posted by Jeanne Munn Bracken
I have been thinking about food lately. Heck, I think about food all the time--often what I should eat, what I should not eat (that chocolate cupcake at the baby shower yesterday comes to mind), or (again, the cupcake) what I should not have eaten. In this new year, the four of us who live here are all doing something about food and our waistlines. Daughter number one is in a wedding this summer and is "doing" low carbs. Daughter number two is swearing off pork and beef. Husband The Diabetic is very, very fond of donuts, so his eating a salad a day is a major triumph for both of us. Me, I'm just trying to eat sanely (and forget that cupcake) and healthily. You can imagine what it's like to prepare a meal for this bunch.
Thinking about food, I had an idea. I decided we should have a Tea at the library as part of the local Winter Carnival. Not just any tea, of course. We are having a Culinary Mystery Tea. The "price" of admission is a finger food to share, made from a recipe in a culinary mystery.
The field is wide open. I just put up a book display of mysteries with recipes, and even I was surprised how many culinary series there are to choose from. The germ of the idea came from popular mystery author Katherine Hall Page's books. My favorite Faith Fairchild is THE BODY IN THE BONFIRE, although my favorite recipe comes from THE BODY IN THE SNOWDRIFT (winner of an Agatha for Best Mystery Novel). I have already announced that I have dibs on Aunt Glad's Brownies for the tea. Another long running and "hot" series is written by Diane Mott Davidson, who graduated from Wellesley as did Katherine. Her Goldy Bear titles have lots of yummy-sounding recipes.
Other culinary mysteries with recipes are written by Joanne Pence (Angie Amalfi is her chef), Nancy Fairbanks (her sleuth Carolyn Blue is a food columnist), Shirley Jump (gift basket purveyor Carolyn Woodrow), and those are just the ones in my personal collection. (There is absolutely no truth to the rumor that I deliberately "lost" another library's copy of THE BRIDE WORE CHOCOLATE by Shirley Jump because I couldn't part with the luscious recipes. I paid for the book, so it's mine...mine...mine now!) Even Jimmie Ruth Evans' Trailer Park Mysteries have recipes (Hi, Dean!)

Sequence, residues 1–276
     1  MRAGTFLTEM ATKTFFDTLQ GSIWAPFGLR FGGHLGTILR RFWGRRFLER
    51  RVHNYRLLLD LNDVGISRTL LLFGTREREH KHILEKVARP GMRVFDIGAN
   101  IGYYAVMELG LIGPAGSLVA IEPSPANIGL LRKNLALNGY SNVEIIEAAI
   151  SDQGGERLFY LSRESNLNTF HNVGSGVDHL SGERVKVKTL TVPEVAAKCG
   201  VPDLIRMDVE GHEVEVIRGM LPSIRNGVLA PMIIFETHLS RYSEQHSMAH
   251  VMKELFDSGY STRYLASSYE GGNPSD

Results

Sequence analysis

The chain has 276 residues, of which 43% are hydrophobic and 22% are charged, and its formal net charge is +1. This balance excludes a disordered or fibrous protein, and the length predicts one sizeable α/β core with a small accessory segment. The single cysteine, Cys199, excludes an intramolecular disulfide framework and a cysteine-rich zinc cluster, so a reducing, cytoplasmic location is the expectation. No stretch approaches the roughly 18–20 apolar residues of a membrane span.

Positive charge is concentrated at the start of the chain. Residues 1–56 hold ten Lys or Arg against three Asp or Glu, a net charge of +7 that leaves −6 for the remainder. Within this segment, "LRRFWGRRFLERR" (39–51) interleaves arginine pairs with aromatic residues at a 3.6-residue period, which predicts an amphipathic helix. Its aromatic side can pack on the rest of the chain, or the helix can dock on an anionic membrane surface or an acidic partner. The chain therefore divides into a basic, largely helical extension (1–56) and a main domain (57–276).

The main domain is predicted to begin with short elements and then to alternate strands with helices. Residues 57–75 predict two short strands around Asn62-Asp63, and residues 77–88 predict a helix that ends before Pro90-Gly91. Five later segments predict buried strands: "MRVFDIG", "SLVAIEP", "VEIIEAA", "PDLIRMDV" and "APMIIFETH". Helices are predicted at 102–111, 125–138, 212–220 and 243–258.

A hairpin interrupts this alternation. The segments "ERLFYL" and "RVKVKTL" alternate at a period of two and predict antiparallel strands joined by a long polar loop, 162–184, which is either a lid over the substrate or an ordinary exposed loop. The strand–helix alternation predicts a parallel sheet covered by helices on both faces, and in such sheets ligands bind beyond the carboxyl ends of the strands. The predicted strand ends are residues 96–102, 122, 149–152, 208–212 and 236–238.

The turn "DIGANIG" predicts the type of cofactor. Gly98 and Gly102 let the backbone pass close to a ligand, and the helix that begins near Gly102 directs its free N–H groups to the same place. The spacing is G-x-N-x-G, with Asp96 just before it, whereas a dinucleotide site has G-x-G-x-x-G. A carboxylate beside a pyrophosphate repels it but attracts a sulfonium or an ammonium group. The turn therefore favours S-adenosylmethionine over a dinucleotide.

Food and mystery fiction seem to go together well. After all, everybody has to eat sometime, and while we're making things up, the food might as well be wonderful, no? Unless, of course, it's poisoned, in which case it should be a bland egg dish like the one in Dorothy Sayers' recipe-less STRONG POISON.
Sometimes non-culinary mystery books throw in a recipe or two for a change. Joan Hess is one of my buy-it-right-now authors; she writes a lot about comfort food in the Maggody series, with Arly Hanks stopping by her mother Ruby Bee's diner for supper. Joan put a recipe for cheese grits in one of the books. I actually tried them out, and I have to admit that they sounded better than they tasted to this Yankee born and bred. I expect I did something wrong.
On the other hand, I occasionally read in a mystery about a food that I would "die" to taste. I was so taken by the description of baked French toast in a Margaret Maron book (I think it was HIGH COUNTRY FALL) that I e-mailed Margaret asking for the recipe. She replied that she might could put it on her website, but I didn't wait for it. I Googled and found several versions, one of which I made for Christmas morning a year or so ago. I still salivate when I think about it, but it was soooooo rich and calorie-laden that it's really a special occasion thing.
Jo Grossman and Robert Weibezahl had another twist on food and mysteries. They co-authored A TASTE OF MURDER and A SECOND HELPING OF MURDER several years ago. They canvassed the mystery community for favorite recipes and the results read like a "Who's Who of Crime Fiction." I have had a wonderful time tracking down the hundreds of authors to get their pages autographed, but just reading the titles is fun. The late Al Blanchard offered "James Callahan's Murderous Meatloaf" and I somehow never got his signature on it. Everyone from Marcia Muller to Twist Phalen, from Donald Westlake to Kate Grilley have recipes in these books. I'm going to loan the library my MURDER cookbooks for the duration, but I'm also going to use a recipe from the second book, "The Agony of The Leaves" by Meg Chittenden, with a very detailed recipe, "How to Brew a Perfect Cup of Tea."
We'll have door prizes, other surprises (like Sheila Connolly, whose apple-related series debuts this spring) and perhaps a fire in the reading room fireplace. If you're in the neighborhood of Lincoln, Massachusetts, on the afternoon of Sunday February 3d, come on down. We'll be glad to pour you a cuppa tea.
The recipe for "Lizzie's Sugar and Spice Cookies" is reprinted with permission from Katherine Hall Pages' THE BODY IN THE CAST:
3/4 cup unsalted butter
1 cup sugar
1 egg slightly beaten
3/4 teaspoon ginger
1/4 cup molasses
1/4 tsp salt
2 cups flour
2 tsp. baking soda
1 tsp cinnamon
3/4 teaspoon cloves
3/4 teaspoon ginger
1/4 teaspoon sale
Preheat the oven to 375 degrees. Cream the butter, sugar, egg, and molasses together thoroughly. Sift the flour, baking soda, spices, and salt together. Add to the butter mixture and stir. Roll the dough into balls, 1 inch in diameter, and roll the balls in sugar. Set approximately 2 inches apart on a lightly greased cookie sheet and bake for 12 minutes. Let cool on brown paper or racks. Makes approximately 4 dozen. For an elegant tea cookie, make 1/2-inch-diameter balls and reduce the cooking time to 9 minutes. Makes approximately 8 dozen.